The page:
The AFR lauds the wealth of those on the Rich List as exemplifying “risk-taking” and “hard work.” It smugly dismisses criticism of the list as “envy.” In reality, the hundreds of billions of dollars collectively controlled by those on the list have been extracted from the labour power of the working class, the true source of wealth in society.

At the same time that a tiny fraction of the richest people continue to pile on extraordinary amounts of wealth, Australian workers have seen cuts to their living standards larger than at any other time in the last 50 years.

The Australian Council of Social Services (ACOSS) recently reported that of the approximately 5 million Australians receiving income support payments, almost three quarters of them are “eating less or skipping meals due to the low rate of payments and rising cost of living.”

By the standards of poverty set by ACOSS, which is just $489 per week for a single adult or $1,027 per week for a couple with children, 13.4 percent of Australians live in poverty, that is, over 3 million people.

It seems that the AFR, nervous about the hostility to the ever-growing cost-of-living crisis for working-class households, decided this year to portray the ultra-rich in a more mundane light, playing down the celebratory tone of recent lists.

In one jarring comment, a rich lister valued at almost $800 million commented that he valued his wealth because it allowed his family to be provided with “the bare essentials in life.”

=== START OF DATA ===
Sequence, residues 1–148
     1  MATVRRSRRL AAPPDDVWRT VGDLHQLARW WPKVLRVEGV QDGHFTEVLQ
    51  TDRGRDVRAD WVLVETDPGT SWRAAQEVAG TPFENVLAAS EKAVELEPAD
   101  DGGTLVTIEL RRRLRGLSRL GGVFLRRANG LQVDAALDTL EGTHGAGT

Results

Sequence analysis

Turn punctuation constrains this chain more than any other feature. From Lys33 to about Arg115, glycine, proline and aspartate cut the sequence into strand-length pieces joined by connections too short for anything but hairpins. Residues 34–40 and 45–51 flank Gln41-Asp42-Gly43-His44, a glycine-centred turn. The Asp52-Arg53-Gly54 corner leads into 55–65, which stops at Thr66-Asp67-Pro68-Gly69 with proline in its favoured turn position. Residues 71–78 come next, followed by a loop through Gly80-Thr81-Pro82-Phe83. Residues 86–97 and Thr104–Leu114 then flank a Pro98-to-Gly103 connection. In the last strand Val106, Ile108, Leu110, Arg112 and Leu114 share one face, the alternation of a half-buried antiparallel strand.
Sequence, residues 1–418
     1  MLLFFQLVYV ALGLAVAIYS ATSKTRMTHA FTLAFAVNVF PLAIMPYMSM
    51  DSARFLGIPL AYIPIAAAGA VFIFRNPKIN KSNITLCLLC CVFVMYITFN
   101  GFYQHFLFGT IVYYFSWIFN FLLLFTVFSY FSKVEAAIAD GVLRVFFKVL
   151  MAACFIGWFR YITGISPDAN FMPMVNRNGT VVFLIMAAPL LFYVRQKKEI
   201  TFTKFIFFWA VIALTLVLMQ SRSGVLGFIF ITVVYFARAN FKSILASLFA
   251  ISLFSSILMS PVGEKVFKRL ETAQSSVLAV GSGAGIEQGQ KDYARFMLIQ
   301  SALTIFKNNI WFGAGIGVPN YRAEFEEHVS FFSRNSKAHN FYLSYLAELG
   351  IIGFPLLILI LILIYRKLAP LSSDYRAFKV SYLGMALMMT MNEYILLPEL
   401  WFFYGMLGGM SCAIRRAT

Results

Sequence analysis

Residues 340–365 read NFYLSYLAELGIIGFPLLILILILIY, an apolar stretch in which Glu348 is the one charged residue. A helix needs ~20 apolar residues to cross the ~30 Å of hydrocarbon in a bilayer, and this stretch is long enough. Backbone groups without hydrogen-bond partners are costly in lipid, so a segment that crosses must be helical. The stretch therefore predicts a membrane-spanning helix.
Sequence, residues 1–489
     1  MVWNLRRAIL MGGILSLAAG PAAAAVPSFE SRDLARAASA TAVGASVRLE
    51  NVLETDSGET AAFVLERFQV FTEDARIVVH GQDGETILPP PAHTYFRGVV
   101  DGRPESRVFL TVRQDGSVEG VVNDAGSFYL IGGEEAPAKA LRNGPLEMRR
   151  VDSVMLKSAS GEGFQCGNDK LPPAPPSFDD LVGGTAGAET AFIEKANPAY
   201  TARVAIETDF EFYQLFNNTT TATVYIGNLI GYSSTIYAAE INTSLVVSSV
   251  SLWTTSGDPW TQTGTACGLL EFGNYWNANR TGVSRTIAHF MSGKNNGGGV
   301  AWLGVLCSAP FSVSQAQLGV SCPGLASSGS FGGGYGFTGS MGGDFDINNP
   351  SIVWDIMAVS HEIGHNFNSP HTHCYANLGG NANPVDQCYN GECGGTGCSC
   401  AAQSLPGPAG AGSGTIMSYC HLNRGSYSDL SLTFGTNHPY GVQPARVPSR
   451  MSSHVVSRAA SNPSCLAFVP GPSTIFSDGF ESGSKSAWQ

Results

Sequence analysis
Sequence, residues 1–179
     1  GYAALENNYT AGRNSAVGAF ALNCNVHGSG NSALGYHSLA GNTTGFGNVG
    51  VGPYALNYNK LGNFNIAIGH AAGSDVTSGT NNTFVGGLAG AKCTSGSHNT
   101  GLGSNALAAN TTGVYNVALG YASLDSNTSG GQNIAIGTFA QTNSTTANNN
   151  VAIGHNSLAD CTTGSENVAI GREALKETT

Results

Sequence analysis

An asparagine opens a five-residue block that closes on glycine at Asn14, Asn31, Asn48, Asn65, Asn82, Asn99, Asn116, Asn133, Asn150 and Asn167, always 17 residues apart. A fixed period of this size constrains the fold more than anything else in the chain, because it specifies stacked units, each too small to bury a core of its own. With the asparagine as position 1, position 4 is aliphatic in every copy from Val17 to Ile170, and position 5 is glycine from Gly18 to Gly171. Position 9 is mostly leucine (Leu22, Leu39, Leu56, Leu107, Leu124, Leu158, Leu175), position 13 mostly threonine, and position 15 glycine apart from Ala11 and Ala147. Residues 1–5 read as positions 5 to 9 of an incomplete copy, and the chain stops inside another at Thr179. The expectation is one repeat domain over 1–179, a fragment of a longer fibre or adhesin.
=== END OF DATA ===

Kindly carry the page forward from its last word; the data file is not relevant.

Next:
The class divide is the fundamental one in Australia and every other capitalist country. The interests of the working class are irreconcilably at odds with those of the capitalists and the uber-wealthy.

The $625 billion controlled by the 200 richest Australians could fund essential social services. Federal spending on health in 2022‒23 was around $105 billion, just one-sixth of the worth of the Rich List.

The Labor government is continuing to cut social spending in real terms, while giving the wealthy the vast majority of the more than $200 billion in income tax cuts legislated for the next decade, and expanding military outlays, including $368 billion for nuclear-powered submarines as part of the AUKUS military pact to prepare for war against China.

The Rich List demonstrates, more than anything else, the illegitimate character of the wealth accumulation by the financial elite, as well as the necessity for those resources to be expropriated and directed toward social needs. This requires the overthrowing of the capitalist system and its replacement by socialism.